Turtle is about a young boy, Donald, and his crazy clairvoyant mother, Trixie, who believes he’s cursed to die on his eighteenth birthday. It’s about the madness that flows from that, and how Donald escapes it. It’s also about dysfunction in families; what happens when we fail to relate; what happens when there’s not enough love to go round; what happens to reality – and to our perceptions of the world – when we grow up within a seriously damaged family setting. It’s also about life and death.
Just some moderately big themes.
When I started thinking what on earth I could say in this forum, I was drawn towards even bigger themes; Truth for example, and belief.
Towards the end of his life, Mahatma Gandhi was asked what he believed in. For a long time, he said, he believed that God is Truth. But, after many years of close contemplation of the matter, he had now come to the conclusion that Truth is God. I’ve no idea what he meant by that. I’m told it’s quite profound. But, if I was to paraphrase Gandhi and say; For a long time I believed that Eric Clapton is God, but now I believe God is Eric Clapton, we don’t have profundity at all, we have absolute nonsense. A small part of the difference is that Gandhi uses the Truth word. A large part of it is that Gandhi was a genius, and one of the few people in history who could be trusted to deal honestly with Truth.
Truth is a difficult, dangerous notion, especially for writers.
So I started thinking about belief. Now, there’s another big theme.
I was reading the other day about this guy in America – a theoretical physicist – who believes that he can mathematically prove the existence of an afterlife. He’s crunched the numbers, and he says that, providing our current model of the universe is correct, the laws of physics dictate that in the far future we’ll be able to resurrect every living thing, including those of us living today. 'Once you accept the theory of an infinite universe’ he says, ‘resurrection is a relatively trivial point.'
As we say in my native Glasgow, ‘Aye, right pal. Ye’ve a heid fulla broken bottles’.
Now, I know I’m missing something here. Something essential, like a few million neurons. But when modern scientists talk like this I start to wonder if there are any limits to what we’ll believe in. I really don’t think there are.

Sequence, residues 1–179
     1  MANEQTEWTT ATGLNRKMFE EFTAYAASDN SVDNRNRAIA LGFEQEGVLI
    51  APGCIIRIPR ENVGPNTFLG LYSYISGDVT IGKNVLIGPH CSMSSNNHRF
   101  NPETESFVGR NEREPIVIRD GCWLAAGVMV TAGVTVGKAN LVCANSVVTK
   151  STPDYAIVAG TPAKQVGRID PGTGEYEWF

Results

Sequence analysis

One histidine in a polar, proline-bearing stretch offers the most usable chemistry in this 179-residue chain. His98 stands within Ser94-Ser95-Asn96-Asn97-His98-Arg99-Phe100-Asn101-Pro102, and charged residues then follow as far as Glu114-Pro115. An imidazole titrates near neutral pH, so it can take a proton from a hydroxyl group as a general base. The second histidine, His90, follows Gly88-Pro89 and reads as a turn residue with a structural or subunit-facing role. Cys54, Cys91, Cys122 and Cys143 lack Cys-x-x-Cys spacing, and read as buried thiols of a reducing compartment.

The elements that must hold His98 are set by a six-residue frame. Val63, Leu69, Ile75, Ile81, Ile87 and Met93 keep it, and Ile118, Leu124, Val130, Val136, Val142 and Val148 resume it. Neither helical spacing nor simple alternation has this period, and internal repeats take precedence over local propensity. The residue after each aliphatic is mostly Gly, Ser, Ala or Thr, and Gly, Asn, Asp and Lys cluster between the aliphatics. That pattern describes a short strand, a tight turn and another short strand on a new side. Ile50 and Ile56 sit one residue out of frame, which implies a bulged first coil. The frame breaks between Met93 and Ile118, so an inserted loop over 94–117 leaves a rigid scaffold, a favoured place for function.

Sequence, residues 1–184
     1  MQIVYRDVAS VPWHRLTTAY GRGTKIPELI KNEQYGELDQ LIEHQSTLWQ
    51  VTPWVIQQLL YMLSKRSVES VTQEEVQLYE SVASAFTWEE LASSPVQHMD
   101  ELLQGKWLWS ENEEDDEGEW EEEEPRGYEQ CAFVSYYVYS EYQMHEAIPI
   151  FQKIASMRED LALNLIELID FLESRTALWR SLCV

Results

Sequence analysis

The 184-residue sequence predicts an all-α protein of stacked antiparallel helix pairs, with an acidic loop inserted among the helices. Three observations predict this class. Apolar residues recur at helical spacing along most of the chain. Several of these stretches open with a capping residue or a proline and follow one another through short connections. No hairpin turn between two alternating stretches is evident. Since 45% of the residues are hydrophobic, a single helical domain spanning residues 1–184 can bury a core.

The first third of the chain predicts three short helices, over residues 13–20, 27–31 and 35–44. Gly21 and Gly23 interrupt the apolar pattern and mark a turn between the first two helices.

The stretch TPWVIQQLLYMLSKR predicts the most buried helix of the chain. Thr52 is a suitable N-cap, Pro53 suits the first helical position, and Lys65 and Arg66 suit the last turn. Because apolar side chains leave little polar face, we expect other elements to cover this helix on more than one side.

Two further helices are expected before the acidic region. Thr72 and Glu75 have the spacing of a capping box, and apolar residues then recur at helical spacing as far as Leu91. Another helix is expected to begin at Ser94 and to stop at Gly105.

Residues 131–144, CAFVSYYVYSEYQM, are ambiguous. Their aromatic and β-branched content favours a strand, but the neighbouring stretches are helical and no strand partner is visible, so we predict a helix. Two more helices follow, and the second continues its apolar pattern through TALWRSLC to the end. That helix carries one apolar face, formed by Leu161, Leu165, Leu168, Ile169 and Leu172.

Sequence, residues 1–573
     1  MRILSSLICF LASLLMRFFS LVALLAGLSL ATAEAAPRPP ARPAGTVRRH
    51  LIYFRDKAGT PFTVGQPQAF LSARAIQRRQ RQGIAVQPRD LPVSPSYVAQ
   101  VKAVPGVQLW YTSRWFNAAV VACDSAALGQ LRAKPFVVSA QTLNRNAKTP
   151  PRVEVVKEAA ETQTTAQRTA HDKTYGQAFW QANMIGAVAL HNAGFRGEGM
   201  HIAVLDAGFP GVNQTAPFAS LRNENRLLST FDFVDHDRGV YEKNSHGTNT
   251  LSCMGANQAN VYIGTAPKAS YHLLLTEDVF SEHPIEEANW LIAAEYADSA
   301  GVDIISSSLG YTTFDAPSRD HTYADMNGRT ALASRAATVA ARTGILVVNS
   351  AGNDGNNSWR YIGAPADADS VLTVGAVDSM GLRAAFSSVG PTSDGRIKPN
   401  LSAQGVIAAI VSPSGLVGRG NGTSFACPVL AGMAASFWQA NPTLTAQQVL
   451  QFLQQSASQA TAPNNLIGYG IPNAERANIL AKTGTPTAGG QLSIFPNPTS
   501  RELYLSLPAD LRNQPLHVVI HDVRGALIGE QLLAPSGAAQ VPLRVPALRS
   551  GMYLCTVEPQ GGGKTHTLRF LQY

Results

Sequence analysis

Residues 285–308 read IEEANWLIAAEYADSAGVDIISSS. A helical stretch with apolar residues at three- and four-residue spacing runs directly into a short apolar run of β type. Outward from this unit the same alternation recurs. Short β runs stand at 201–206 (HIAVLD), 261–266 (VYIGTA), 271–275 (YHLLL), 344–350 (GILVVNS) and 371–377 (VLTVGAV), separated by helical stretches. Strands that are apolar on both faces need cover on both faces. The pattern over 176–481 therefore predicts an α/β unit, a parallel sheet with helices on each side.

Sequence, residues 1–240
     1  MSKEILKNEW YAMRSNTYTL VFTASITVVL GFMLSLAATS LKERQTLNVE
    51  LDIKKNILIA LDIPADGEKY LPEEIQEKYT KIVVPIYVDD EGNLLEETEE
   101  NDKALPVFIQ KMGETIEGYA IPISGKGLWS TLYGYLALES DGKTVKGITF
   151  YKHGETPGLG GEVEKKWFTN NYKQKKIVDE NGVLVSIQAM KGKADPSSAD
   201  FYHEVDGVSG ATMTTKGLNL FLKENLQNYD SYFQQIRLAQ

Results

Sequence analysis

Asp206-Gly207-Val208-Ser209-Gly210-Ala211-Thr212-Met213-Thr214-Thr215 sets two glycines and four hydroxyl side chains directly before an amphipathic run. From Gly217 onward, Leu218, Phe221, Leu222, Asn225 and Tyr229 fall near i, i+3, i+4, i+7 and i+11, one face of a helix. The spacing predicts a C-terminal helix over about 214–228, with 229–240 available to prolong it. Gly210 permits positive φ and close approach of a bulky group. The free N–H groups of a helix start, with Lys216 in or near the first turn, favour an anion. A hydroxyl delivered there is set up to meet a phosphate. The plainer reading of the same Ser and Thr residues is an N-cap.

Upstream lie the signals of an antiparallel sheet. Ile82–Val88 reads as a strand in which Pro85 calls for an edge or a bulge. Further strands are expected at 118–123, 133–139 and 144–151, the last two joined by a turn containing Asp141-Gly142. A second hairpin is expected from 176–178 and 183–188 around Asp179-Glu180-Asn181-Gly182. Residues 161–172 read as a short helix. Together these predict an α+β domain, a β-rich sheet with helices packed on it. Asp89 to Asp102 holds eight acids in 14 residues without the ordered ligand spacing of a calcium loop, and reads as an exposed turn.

And that took me to thinking about imagination. The human imagination knows no bounds, and this is one of the fantastic things about being us. It’s also, I think, what allows us to hold the most extraordinary beliefs, and to hold to these beliefs fervently – whether it’s the existence of an afterlife, or that the New South Wales government can fix our transport problems.
I’m being unfair (well, not to the New South Wales government). I actually love this stuff. I love it because it’s the imagination vaulting into the unknown and the unknowable. A process of trying to make sense of reality that we’re all involved in at one level or another. Science is trying to make sense of it, religion is trying to make sense of it, superstition, magic, and people who believe the world was created by a flying spaghetti monster – they’re all trying to make sense of it.
Anyway, what I’d like to suggest, by way of a contribution to this morning’s discussion, is this:
* The only big theme that matters in fiction is life and death in all its infinite variety, its mystery and perplexity - the human comedy as Balzac put it. All other themes flow from this – truth, belief, love, revenge, whatever, they’re all sub-themes, if you like.
* That in writing fiction, the story – and what happens to the people in it – is paramount; themes develop out of situations, from characters interacting or failing to, from the capriciousness of fate, the play between good and evil etc.
* And finally, I’m going to step out on a limb and propose – entirely for the sake of discussion – that realism as a literary form is exhausted. That fiction in the 21st century needs to find new ways of pushing the boundaries between the real and the imagined. New ways of handling the themes of our age.
Fiction is all about the imagination: It doesn’t have to be about belief, though it can be, but its relationship to Truth should, I think, be like our ordinary, everyday, relationship to Truth – muddled, obscured, cloudy and ill-formed, grasping for something just out of reach. Good fiction creeps around the truth if there’s one handy to creep around, revealing tantalising glimpses that we the reader recognise about ourselves and the world we share, but don’t necessarily fully understand.
I think it’s the search that’s important, the imagination that takes us on a journey of discovery, even if – as so often in life – we end up somewhere totally unexpected. If it’s good fiction, we’ll be happy to be there, even if we’ve lost the bus fare home.
(Contribution to a forum at the Sydney Writers' Festival, 2009)